How to spend a weekend in Meeniyan
From wineries to woodfired pizza, 48 hours will fly by in this South Gippsland stunner.
The Tarwin River winds its way around the foothills of the Strzelecki Ranges that seem to fold into each other like a series of overlapping domes. By the banks of the river is a little town of weatherboard homes and mid-century shops straddling the main road. A median strip, planted out in petunias, kale and silverbeet, speaks volumes about the transformation of this traditional rural service town in the heart of Victoria’s dairy country into a tourist destination and arts hub.
At its centre is the Meeniyan Town Hall. This unassuming 1930s cement-sheet shed, complete with sprung hardwood floor and naturally excellent acoustics, has hosted some of the biggest names in music over the past 20 years.
Martha Wainwright, Billy Bragg, Paul Kelly, Vince Jones, The Waifs, have all played here, says Ian Bevington, president of the Lyrebird Arts Council, a team of music-loving locals who have been bringing world-class talent to South Gippsland since 1999.
Take in the natural beauty of the Strzelecki Ranges after an afternoon enjoying the local food and wine.
“If you want to know the secret to our success,” reveals Ian, “we make people feel really welcome. We hire the best equipment and put on a show that is really world class, comparable to what’s being put on in Europe or New York.” Upcoming acts include The Go Betweens’ Robert Forster in July.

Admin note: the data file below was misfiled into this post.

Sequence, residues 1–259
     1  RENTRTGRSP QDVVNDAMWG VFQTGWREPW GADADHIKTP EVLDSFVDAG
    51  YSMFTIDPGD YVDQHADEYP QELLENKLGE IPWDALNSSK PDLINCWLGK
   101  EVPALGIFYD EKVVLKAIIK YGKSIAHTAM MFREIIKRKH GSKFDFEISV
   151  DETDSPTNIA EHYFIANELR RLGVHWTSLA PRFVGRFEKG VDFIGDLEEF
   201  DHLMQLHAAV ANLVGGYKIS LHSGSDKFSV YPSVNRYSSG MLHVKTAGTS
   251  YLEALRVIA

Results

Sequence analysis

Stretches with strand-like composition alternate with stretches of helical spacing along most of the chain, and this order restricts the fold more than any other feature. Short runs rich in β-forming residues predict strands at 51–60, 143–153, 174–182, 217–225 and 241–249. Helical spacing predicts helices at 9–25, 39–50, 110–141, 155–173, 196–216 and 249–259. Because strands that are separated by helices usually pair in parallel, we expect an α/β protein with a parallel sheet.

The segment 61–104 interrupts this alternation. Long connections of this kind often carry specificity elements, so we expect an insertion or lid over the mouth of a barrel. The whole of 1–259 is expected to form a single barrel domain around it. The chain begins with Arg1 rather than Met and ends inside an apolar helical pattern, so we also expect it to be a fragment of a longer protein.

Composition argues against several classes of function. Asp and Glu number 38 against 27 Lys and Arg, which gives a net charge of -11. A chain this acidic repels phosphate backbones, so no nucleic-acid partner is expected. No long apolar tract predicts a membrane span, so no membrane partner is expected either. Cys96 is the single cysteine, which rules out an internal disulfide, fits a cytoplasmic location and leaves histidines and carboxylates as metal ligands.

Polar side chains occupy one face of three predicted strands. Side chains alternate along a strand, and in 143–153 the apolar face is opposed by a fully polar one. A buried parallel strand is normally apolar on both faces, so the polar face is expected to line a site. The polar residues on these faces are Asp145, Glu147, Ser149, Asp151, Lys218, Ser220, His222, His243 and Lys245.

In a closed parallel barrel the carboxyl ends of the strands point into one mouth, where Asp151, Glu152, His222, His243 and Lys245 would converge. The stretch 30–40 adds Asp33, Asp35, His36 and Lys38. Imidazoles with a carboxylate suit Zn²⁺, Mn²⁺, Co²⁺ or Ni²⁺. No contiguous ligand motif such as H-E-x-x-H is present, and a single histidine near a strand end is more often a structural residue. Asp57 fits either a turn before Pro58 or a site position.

It’s not just musicians who are making the pilgrimage to Meeniyan. Renowned wildflower artist Celia Rosser lives nearby, joining the growing ranks of South Gippsland artists. Many of them banded together in 2000 to buy a historic corner building to house the Meeniyan Art Gallery, a volunteer-run space that showcases works by local painters, print makers, ceramicists and other artists.
“The region attracts a lot of creative types,” says local fibre artist Meg Viney, who explores the stringybark forests around her home, collecting leaves and grasses to make into paper she moulds around frameworks of fine branches.
The local garlic festival held each February attracts more than 10,000 people.
“You can’t blame us,” she says. “The district is serenely beautiful. The hills, their curves and undulations, the gentleness of the country. The greenery.”
That greenery has supported a thriving farming community since the towering bluegum forests were cleared for pasture at the end of the 19th century.
“There used to be a cattle and pig market here on a Monday,” says cattle farmer David Meikle, who owns Tarwin Poll Hereford Stud and whose family has been in the area for generations; there’s even a Meikle Street in town.
“In the 1950s, dairy farmers would sell their cream to the butter factory and then fatten the pigs with the leftover skim milk,” he says, as we wander the steep slopes of his 200-hectare farm.
South Gippsland’s green paddocks have supported a thriving farming community since the end of the 19th century.
Grab your bike and head to the Great Southern Rail Trail.
Felicity Jones sells local products at the Meeniyan Store.
Meeniyan is Victoria’s garlic capital.
Treat yourself to a woodfired pizza from Trulli Pizzeria.